2)stop the diverting of state revenue into ZANU-PF coffers.
There can be no political solution at all until looting stops. And the world economy won’t engage with us until we get our politics sorted out. Mugabe must be regretting now that he accepted a man as smart as Tendai Biti as Finance Minister. Some looting has stopped.
The abandoning of the Zimbabwe dollar cut the ground from under the feet of Gideon Gono, the main supplier of foreign currency to Mugabe’s cohorts. For at least two years, the Reserve Bank had been printing duplicates of nearly every Z$ banknote, making all of them counterfeiti. When two notes of the same value exist with the same serial number, one is counterfeit. If they were printed on the same paper, with the same ink on the same press, then, being indistinguishable, they must both be counterfeit and the ZANU leadership got every duplicate banknote printed.
Controlling other leakage into the hands and pockets of opposition elements within that pantomime horse that calls itself an inclusive government remains Biti’s biggest challenge. Two obvious sources we are now all aware of are Chiadzwa diamonds and the government salaries going to ghost workers. Thousands of unauthorised workers have been identified: we don’t know how many more remain to be rooted out. The February 2010 civil servants’ strike was another ZANU-PF’s counter-move, as is made obvious by the coercion applied to teachers, in some areas, such as Masvingo, by the CIO, to make them join the strike. This must be the first strike since independence that has the whole-hearted support of the government media. This is not surprising, since the civil service has been ZANU-ised over the years.

Continued in this freely available PDF document: Zimbabwe Economy 2009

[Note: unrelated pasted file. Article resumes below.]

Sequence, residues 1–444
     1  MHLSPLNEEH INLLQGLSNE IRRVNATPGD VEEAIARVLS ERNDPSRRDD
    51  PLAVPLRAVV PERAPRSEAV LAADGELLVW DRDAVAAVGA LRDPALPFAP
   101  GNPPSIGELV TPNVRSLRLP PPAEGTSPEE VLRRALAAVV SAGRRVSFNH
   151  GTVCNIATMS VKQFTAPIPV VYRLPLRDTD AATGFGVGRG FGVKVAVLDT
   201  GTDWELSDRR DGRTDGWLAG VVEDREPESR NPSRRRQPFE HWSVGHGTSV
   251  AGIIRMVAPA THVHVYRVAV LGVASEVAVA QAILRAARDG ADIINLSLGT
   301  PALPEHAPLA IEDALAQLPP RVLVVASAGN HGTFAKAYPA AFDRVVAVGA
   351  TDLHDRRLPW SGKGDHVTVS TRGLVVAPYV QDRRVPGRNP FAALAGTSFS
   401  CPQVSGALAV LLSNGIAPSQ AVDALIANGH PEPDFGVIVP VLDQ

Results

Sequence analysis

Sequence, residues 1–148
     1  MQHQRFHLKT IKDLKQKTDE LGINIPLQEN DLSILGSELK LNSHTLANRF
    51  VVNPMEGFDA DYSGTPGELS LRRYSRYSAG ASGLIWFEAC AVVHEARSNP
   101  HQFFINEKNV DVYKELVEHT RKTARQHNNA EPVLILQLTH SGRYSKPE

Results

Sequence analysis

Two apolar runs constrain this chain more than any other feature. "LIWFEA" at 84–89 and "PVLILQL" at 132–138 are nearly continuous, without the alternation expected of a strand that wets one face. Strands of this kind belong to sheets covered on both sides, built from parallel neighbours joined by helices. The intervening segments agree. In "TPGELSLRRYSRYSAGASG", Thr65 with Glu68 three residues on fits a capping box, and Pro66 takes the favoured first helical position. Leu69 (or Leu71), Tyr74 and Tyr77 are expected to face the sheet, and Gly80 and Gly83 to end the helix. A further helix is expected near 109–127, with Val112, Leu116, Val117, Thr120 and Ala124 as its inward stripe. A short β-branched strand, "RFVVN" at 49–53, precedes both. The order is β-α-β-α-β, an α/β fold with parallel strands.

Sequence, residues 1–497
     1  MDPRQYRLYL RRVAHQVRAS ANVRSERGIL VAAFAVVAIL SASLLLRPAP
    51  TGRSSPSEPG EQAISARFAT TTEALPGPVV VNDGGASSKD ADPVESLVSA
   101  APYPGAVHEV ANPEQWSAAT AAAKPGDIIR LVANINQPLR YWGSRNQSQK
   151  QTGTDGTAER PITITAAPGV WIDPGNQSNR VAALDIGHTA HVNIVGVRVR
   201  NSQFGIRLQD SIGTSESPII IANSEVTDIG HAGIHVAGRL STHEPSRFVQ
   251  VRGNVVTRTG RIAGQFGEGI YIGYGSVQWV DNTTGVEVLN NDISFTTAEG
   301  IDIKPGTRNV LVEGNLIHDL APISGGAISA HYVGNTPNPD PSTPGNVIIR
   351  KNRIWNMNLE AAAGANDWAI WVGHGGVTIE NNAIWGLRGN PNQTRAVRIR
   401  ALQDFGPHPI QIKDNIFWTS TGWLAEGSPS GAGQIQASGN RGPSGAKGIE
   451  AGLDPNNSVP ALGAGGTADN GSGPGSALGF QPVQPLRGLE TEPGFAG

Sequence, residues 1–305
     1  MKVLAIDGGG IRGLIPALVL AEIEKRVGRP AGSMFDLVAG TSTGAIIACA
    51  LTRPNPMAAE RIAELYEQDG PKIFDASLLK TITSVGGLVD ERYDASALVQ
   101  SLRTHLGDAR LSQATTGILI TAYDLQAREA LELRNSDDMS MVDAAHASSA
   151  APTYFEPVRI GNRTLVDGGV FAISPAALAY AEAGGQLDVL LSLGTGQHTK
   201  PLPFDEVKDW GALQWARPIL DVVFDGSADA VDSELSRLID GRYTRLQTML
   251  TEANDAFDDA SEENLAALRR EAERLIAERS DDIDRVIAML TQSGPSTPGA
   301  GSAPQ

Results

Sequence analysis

Previous Zimbabwe Economy Reports:

Zimbabwe Economy 2007

Zimbabwe Economy 2006

Zimbabwe Economy 2005

Zimbabwe Economy 2004

RULE 1: DOG DOESN’T EAT DOG – by Magari Mandebvu, with permission

Thursday, December 6th, 2012

After last week, I may need to emphasise that I am not interested in punishing anybody, however great their crimes. Punishment is far too close to revenge and revenge is reserved for God. Nobody else can balance the demands of justice and revenge. If the person punished cannot see the punishment is just, he will in return seek revenge, which goes on in a never-ending cycle.
On the other hand, we cannit expect others to forgive our offences against them if we don’t make some kind of reparation. We can never undo all the damage we have done, but if someone tries sincerely they can be forgiven. If we are ever to restore peace, we must convince those who have persecuted us that seeking forgiveness, even this late, is better continuing on the destructive path they have been following.
For example, local leaders of ZANU’s violent campaigns don’t have much of a future to look forward to if they stay on the track they have followed so far.
If the top leaders plan another election as violent and bloody as the last one (which God forbid) they surely have a “Plan B” for the very likely event that they don’t succeed in holding power that way. They are surely ready, in that case, to seek foreign refuge where they have stashed most of their illgotten money, diamonds and gold. That’s OK for the biggest fish, but I doubt whether anyone below the top ranks in the ZANU war machine has a luxury retirement home waiting for him on a beach in Malaysia or even Equatorial Guinea. Plan B means leaving them to face the music. If they are lucky, that will mean a trial before the International Criminal Court and spending the rest of their lives in a more comfortable prison than we can provide under present circumstances here in Zimbabwe.
But in the unlikely event that our military-security complex can stage a successful coup (everyone below the rank of army general or police superintendent would have to be crazy to play along with that), a successful Plan A doesn’t spell much joy for the local commanders whom we have all seen in action.